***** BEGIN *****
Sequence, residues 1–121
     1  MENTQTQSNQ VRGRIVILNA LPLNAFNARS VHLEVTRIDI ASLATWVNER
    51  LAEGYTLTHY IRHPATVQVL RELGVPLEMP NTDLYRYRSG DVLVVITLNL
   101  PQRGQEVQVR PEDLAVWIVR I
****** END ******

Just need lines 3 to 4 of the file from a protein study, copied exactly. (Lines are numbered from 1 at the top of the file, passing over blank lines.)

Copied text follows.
    51  LAEGYTLTHY IRHPATVQVL RELGVPLEMP NTDLYRYRSG DVLVVITLNL
   101  PQRGQEVQVR PEDLAVWIVR I